No one is talking. Or making eye contact. We’re a group of strangers seated around a table in a conference room eating sandwiches and brownies from Costco and waiting for the clinic to begin. Mary, a volunteer with the ALS Association, who’s been doing this for 30 years, smiles and says, “Wow, this is a really quiet group.”
Mary introduces herself, saying she started volunteering after her mother died of ALS. Then we go around the table. First up a family from a little town in southeast Texas. It’s their second time to attend the clinic. Mom has ALS. She’s a sweetie with a beautiful smile. Dad looks shell shocked and doesn’t say much. They’ll be moving in with their daughter, who has come armed with a notebook and a determined smile.
Next up a couple who has been married 47 years. He’s still able to walk and talk. He says he’s doing okay. They brought along their granddaughter.
Then we get to the gentleman next to me. He’s a hoot. He’s losing his voice because his is the bulbar-onset (the part of the brain that controls swallowing, chewing and talking) form of ALS. He says his wife takes care of him. She laughs. He says she’s glad he doesn’t talk so much. “Stop it,” she says, playfully smacking his arm.
Her laugh turns to sobs she endeavors to swallow.
“Next,” he says in that hoarse, breathless voice.
Next is an older man in a wheelchair. He dressed in neatly pressed blue jeans and a western shirt. His son says they’ve been coming to clinic for years because his grandfather had ALS. They cared for him until he died and now he’s caring for his dad on the same journey. About 10 percent of ALS cases are familial. He doesn’t say it, but I can only imagine that sees himself in that wheelchair somewhere down the road.
Our final couple are snowbirds visiting our great state of Texas. She has just learned of her diagnosis that morning. She doesn’t make it through the introduction. Her voice breaks and she wails, a heart-wrenching cry that brings immediate tears to my eyes.
“It’s okay to cry,” says the daughter whose taking her parents into her home, as she wipes at her eyes. It’s a good thing, because I can’t seem to stop.
The woman’s husband steps in and makes the introductions. Like the earlier couple, they’ve been married for 47 years. The doctors up north told them this certified ALS clinic in South Texas was the perfect place for them.
Thirty minutes earlier we were strangers. In less than an hour, we bonded in a way that rarely happens any more. I’ve said it before and I’ll say it again, I only have to look left or right to see people who are fighting bigger battles than my own. Battles, in this case, that ultimately can’t be won. That doesn’t stop them from valiantly trying.
I saw so much love and devotion and loyalty in that conference room. Husbands and wives who take their “in sickness and health” vows very seriously. Children who will become like parents to their mothers or fathers as their disease progresses and they’re no longer able to dress or bath or feed themselves.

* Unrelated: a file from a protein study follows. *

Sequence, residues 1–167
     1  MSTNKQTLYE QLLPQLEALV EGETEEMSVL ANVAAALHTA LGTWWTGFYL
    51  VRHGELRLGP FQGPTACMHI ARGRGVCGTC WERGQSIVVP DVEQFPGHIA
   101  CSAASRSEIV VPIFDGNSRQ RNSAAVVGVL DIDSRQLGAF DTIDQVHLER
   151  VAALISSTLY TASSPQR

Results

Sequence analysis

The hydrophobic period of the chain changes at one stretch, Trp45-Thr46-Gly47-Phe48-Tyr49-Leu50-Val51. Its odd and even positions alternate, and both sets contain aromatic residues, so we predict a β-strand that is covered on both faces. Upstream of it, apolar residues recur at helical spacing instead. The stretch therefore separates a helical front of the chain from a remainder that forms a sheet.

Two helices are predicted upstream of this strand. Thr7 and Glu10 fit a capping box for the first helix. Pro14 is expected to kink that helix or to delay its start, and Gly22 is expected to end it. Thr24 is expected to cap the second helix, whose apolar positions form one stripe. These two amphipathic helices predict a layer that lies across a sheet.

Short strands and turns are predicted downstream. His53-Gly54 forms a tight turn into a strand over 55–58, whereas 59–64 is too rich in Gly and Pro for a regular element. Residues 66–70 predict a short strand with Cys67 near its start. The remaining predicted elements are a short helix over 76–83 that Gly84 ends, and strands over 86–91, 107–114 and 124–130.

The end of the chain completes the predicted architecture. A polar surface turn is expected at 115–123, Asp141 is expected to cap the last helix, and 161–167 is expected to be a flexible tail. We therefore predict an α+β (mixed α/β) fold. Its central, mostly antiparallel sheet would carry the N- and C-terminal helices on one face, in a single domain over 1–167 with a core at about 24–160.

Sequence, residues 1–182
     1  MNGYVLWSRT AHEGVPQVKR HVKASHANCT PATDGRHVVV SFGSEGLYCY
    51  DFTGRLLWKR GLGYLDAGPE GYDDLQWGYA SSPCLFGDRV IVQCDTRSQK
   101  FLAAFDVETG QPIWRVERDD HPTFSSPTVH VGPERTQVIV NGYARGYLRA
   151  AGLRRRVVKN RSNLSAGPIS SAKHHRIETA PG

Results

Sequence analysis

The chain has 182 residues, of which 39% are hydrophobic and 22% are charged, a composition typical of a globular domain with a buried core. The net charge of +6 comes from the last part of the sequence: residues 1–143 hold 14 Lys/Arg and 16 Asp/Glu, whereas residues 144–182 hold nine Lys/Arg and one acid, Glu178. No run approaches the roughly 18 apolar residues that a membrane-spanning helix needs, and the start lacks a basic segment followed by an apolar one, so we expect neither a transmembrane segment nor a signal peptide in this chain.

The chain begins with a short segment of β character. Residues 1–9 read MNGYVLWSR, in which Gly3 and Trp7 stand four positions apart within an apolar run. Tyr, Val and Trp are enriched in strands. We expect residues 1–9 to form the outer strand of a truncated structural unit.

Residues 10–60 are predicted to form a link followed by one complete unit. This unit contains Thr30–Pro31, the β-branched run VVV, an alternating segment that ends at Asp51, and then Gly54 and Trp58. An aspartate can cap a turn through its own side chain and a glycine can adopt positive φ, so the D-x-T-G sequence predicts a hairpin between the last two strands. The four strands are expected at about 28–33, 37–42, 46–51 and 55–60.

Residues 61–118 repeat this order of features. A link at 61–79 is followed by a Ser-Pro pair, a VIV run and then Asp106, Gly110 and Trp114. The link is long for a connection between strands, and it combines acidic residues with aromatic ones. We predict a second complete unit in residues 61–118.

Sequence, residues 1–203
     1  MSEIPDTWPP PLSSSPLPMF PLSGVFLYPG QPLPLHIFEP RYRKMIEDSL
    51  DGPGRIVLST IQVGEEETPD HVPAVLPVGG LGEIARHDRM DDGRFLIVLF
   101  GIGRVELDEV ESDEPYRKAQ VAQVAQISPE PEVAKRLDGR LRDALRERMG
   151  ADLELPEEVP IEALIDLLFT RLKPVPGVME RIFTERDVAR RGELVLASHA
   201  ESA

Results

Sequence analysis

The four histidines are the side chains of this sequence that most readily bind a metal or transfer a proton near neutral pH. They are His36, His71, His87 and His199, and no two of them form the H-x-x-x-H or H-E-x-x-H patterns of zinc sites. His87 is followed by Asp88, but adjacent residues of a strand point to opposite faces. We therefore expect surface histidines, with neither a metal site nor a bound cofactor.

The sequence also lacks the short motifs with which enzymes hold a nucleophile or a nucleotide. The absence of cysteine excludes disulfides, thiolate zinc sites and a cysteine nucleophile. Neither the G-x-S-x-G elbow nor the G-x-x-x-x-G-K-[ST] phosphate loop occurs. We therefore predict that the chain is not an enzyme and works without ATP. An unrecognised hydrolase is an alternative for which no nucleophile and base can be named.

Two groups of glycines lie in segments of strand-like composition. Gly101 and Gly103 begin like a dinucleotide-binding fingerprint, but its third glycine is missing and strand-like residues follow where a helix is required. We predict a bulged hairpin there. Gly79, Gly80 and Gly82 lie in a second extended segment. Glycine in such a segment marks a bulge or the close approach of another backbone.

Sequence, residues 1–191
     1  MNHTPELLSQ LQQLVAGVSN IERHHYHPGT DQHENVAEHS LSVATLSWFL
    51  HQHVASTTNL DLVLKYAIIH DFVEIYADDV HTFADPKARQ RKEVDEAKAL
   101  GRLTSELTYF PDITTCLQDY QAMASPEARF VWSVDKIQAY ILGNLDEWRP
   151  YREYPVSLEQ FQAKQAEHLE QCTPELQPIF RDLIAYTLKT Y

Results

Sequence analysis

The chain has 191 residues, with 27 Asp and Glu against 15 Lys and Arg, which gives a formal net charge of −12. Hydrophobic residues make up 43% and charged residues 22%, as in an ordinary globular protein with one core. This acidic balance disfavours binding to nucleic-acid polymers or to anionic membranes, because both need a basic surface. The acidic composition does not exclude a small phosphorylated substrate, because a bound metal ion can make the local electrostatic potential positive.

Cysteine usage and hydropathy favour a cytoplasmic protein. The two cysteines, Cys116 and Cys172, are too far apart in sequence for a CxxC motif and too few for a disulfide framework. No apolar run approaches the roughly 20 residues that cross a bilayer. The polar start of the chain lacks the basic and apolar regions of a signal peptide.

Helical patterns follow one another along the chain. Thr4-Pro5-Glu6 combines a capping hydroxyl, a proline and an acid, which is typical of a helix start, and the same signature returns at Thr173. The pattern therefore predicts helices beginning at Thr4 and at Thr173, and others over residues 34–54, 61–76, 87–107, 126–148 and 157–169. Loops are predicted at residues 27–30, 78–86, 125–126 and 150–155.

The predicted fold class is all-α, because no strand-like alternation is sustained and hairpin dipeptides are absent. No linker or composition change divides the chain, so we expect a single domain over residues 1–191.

In a place where there is so much heartbreak, I saw so much hope for the human race. Innately good people striving to hold themselves together for their loved ones. As patients and as caregivers.
The social worker who provides her services to the clinic told me the patients are always nice. “It seems like ALS only affects nice people.”
Or battling a terminal disease makes people realize they don’t want to waste a single, precious minute on being petty or negative or causing hurt to others. Life is too short. Literally.
For me, the clinic is always a reminder that I am blessed, in a perverse sort of way, to have a diagnosis of Primary Lateral Sclerosis (PLS). A slow-moving cousin to ALS that won’t kill me. Not any time soon, anyway.
The day after the clinic I pick up a loaner walker from the Texas ALS Association office. After two years, I’m graduating from cane to walker. I’ll start wearing my AFOs (braces) again. The doctor says this will help stave off more falls like the two I took during the holidays. I struggle to overcome my vanity. I hated walking around with the cane and imagining people seeing me as an old lady who might have had a stroke. Now, a walker. I turned 59 on Friday. I’m not old. I press my lips together to keep from saying it aloud.
Getting old is not a gift everyone receives. All across the country, doctors and researchers are battling to find treatments and a cure for ALS. They can’t come soon enough. I have a group of new friends who need that cure now.
I thank God for Mary and Becky, the volunteers, and for Steve Morris, the Texas ALS Association’s director in San Antonio, and Dr. Carlayne Jackson, the ALS Clinic Director at the UT School of Medicine, and the cadre of specialists who see us each time we come to the clinic. They have a hard job and they do it with kindness and grace.
Pray for them. And thank God that you can still put your arms around your loved ones, hug them, and kiss them. Thank God you can still say the words, “I love you” aloud. Forgive small slights. Give them the gift of your time.
For more information about Amyotrophic Lateral Sclerosis (ALS) or Lou Gehrig’s Disease, visit the ALS Association’s website at http://www.als.org.
As always, please feel free to share your experiences with me below in the comments.